Saturday, April 19, 2014
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Who makes the cut: Quarterbacks/Specialists

The Eagles will encounter tough decisions when determining their 53-man roster. During the next two weeks, The Inquirer's Eagles beat writers will try our best to predict who stays and who goes. The NFL deadline for teams to trim rosters from 90 to 75 is Aug. 27. Final cuts are due by Aug. 31. Here’s the lineup:

Who makes the cut: Quarterbacks/Specialists

Rookie Nick Foles could legitimately stake a claim to being the Eagles’ No. 2 quarterback. (Yong Kim/Staff file photo)
Rookie Nick Foles could legitimately stake a claim to being the Eagles’ No. 2 quarterback. (Yong Kim/Staff file photo)

The Eagles will encounter tough decisions when determining their 53-man roster. During the next two weeks, The Inquirer's Eagles beat writers will try our best to predict who stays and who goes. The NFL deadline for teams to trim rosters from 90 to 75 is Aug. 27. Final cuts are due by Aug. 31. Here’s the lineup:

Wed, Aug. 15: Offensive line
Thur., Aug. 16: Defensive tackles
Fri., Aug. 17: Cornerbacks
Mon., Aug. 20: Running backs
Tues., Aug. 21: Wide receivers / tight ends
Wed., Aug. 22: Linebackers
Thur., Aug. 23: Safeties
Fri., Aug. 24: Quarterbacks / Specialists
Mon., Aug. 27: Defensive ends

QUARTERBACKS

LIKELY TO KEEP: 3.

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Follow the Eagles: On your Apple or Android device.

WHO STAYS: Michael Vick, Nick Foles, Mike Kafka

WHO GOES: Trent Edwards

There is no question about the Eagles’ starting quarterback. Vick, the Eagles’ $100 million man, enters a critical year for his future in Philadelphia. Vick has been dynamic during parts of his two seasons as the Eagles’ starter, but he has also been injury prone. He left both of the first two preseason games early with injury. It is critical for Vick to stay healthy for the Eagles to believe he is the quarterback going forward. It also important that Vick cuts down on turnovers for the Eagles’ offense to reach his potential.

Because Vick is injury prone, the backup quarterback spot in Philadelphia is a scrutinized player. The Eagles did not sign a veteran with a high profile, as they did in 2011 with Vince Young or have in the past with Jeff Garcia. The plan was for Kafka, who is entering his third season in the offense, would become the No. 2. The Eagles draft Foles to be a developmental prospect, and Trent Edwards was veteran insurance.

A funny thing happened on the way to the season, though: Kafka fractured his left hand in the preseason opener. Foles filled in and has looked outstanding. He’s a rookie quarterback, so enthusiasm must be tempered, but Foles could stake a claim to being the Eagles’ No. 2 quarterback. Either way, Foles is a lock for the roster.

Kafka has an outside shot of playing in the preseason finale against the Jets. If he does not, have the Eagles seen enough to make him the No. 2 quarterback – or even guarantee a roster spot? That’s a question that has been going around. The Eagles know Kafka and are confident in what he can do.  But if Foles is the No. 2, then what value is Kafka providing?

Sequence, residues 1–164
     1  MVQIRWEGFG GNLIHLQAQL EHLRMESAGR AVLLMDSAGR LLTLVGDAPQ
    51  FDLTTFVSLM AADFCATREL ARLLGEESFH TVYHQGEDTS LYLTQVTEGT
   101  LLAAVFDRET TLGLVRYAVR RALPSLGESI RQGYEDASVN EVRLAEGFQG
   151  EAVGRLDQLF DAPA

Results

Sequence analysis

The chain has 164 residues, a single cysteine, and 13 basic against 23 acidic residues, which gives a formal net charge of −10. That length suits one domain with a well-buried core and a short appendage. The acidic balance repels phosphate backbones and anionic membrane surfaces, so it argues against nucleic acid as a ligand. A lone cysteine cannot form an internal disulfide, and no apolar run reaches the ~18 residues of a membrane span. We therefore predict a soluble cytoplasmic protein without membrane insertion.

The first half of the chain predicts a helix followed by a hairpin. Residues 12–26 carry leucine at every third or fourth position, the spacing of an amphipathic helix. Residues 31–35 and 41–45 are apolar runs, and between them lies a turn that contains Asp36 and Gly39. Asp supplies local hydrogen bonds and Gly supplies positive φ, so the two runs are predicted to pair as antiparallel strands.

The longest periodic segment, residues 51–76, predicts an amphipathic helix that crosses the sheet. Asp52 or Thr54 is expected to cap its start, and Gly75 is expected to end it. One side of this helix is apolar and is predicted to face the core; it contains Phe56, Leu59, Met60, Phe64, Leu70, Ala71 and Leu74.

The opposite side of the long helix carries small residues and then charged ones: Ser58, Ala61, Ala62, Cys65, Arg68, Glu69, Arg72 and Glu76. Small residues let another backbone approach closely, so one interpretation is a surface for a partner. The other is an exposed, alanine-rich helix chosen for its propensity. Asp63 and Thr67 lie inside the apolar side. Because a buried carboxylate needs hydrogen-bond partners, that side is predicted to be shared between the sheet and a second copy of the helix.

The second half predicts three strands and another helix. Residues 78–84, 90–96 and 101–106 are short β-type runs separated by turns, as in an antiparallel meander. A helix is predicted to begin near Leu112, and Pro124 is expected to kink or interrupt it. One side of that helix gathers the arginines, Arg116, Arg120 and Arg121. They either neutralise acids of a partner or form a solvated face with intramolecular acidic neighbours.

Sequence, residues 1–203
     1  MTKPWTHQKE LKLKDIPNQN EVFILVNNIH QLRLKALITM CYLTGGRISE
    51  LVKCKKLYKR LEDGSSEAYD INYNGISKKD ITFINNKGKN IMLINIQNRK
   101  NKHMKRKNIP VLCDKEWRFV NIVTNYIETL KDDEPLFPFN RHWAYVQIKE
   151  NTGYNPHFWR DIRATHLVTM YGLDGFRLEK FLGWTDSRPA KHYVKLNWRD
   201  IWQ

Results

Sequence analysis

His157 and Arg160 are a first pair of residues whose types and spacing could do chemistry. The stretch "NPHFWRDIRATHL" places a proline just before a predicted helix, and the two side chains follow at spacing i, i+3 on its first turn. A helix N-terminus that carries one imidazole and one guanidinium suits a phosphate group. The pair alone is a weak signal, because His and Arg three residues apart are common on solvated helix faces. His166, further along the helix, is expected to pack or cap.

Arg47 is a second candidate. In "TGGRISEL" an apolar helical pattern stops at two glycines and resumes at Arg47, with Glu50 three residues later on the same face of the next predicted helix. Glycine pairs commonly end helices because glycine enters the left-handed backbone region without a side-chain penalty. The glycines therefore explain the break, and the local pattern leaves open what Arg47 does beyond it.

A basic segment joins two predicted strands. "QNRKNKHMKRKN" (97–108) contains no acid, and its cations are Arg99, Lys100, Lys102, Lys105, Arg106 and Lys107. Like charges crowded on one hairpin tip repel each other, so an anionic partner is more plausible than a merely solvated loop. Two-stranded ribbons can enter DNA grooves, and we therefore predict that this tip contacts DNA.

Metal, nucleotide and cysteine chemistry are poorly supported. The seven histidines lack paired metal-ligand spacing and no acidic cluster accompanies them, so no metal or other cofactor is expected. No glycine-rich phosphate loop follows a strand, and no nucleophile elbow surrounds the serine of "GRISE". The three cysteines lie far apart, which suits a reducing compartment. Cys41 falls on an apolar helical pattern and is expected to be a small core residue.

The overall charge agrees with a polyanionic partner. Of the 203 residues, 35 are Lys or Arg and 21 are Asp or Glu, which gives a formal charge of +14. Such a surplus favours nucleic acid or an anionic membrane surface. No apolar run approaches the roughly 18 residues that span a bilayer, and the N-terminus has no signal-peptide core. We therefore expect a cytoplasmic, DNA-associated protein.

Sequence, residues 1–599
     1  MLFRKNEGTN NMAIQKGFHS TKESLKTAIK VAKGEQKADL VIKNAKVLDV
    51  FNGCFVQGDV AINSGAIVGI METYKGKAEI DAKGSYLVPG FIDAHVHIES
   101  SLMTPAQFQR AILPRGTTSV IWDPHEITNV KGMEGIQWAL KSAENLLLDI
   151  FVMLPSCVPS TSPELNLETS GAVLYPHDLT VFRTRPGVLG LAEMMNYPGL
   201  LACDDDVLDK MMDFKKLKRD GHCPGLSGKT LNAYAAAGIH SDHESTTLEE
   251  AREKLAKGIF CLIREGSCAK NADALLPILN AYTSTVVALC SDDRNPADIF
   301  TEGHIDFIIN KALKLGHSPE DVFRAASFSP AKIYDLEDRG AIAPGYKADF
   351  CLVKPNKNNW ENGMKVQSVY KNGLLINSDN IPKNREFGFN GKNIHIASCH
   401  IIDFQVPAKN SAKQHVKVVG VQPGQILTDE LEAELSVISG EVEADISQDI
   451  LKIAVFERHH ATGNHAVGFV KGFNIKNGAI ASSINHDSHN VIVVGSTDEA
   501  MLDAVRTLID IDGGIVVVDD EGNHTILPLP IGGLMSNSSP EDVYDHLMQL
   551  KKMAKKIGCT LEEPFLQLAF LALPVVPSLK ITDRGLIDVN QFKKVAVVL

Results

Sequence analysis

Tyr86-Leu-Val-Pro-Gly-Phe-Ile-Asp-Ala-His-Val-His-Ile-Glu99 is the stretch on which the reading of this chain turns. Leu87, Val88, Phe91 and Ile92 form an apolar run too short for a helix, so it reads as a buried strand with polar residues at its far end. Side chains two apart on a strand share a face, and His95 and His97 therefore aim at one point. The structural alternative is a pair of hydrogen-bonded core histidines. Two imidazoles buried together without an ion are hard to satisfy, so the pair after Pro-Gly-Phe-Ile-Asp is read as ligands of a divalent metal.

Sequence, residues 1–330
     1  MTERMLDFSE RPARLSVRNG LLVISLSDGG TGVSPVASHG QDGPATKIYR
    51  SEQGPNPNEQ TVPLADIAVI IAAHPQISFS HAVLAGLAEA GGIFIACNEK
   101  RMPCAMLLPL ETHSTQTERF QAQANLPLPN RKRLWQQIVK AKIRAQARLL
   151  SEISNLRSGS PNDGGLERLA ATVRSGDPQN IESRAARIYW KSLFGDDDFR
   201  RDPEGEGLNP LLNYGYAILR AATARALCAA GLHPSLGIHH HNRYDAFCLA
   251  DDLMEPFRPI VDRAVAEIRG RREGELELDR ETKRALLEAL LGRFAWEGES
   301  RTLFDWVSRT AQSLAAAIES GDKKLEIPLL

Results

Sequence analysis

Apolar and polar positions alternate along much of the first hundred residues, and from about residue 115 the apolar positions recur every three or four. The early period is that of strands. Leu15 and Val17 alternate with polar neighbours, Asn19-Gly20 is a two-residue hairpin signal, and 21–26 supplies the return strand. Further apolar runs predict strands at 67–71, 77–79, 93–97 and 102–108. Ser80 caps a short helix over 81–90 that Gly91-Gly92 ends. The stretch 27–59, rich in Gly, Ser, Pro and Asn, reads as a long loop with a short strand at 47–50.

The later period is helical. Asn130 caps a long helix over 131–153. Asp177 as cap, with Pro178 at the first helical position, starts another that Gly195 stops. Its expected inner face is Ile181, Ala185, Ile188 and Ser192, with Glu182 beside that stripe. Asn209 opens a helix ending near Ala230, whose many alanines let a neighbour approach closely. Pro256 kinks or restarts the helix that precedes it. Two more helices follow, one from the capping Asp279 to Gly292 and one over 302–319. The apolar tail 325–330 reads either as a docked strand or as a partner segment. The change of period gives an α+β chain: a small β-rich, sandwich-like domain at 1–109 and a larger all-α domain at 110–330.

Still, expect Kafka to make the roster. He knows the offense and the Eagles know him. They find him promising. Also, Kafka could start the season as the backup, but Foles could play if there's a prolonged absence from Vick. That's what happened last season with Vince Young and Kafka. However, there is no question that Kafka's injury has complicated the situation.

Much depends on what happens the next two games, especially with Edwards. Edwards has won games as an NFL starter, but was out of football last season. If he is not picked up by another team, Edwards could be insurance as a street free agent who has an understanding of the offense. If he plays well enough during the next two games, perhaps he beats out Kafka. But Edwards understood the situation when he arrived.

The Eagles could also add a veteran via trade. Colt McCoy and Tavaris Jackson are two players who lost starting jobs this summer and have experience in systems similar to the Eagles. From the way it sounded all summer, the Eagles like the quarterbacks on their roster. And Foles might prove to be ready to relieve quicker than anticipated. 

Andy Reid likes to keep three quarterbacks. But if Foles is the backup, the Eagles could theoretically keep only two and save a roster spot. (13 NFL teams entered last year with two quarterbacks, so it’s not rare.) Don’t expect that to happen, though, unless Reid deviates from his roster composition throughout his career.

SPECIALISTS

LIKELY TO KEEP: 3.

WHO STAYS: Alex Henery, Mat McBriar, Jon Dorenbas

WHO GOES: Chas Henry

Henery and Dorenbas are fairly obvious. They have no competition against them. In Henery’s case, he must follow a strong rookie season with being reliable in clutch situations. He came through in the preseason opener against Pittsburgh and will be a staple of the Eagles’ future if he continues on that path during the season.

As for punter, McBriar is the front-runner for a reason. He is a two-time Pro Bowler. As long as he’s healthy, the Eagles would be able to count on him. McBriar believes he’ll be healthy for the season. Henry is putting up a strong fight, though. Holding will factor into this situation, too. But the Eagles appear to be fortified with their specialists. 

About this blog
Birds' Eye View is the Inquirer's blog covering all things Philadelphia Eagles and the NFL.

Jeff McLane Inquirer Staff Writer
Zach Berman Inquirer Staff Writer
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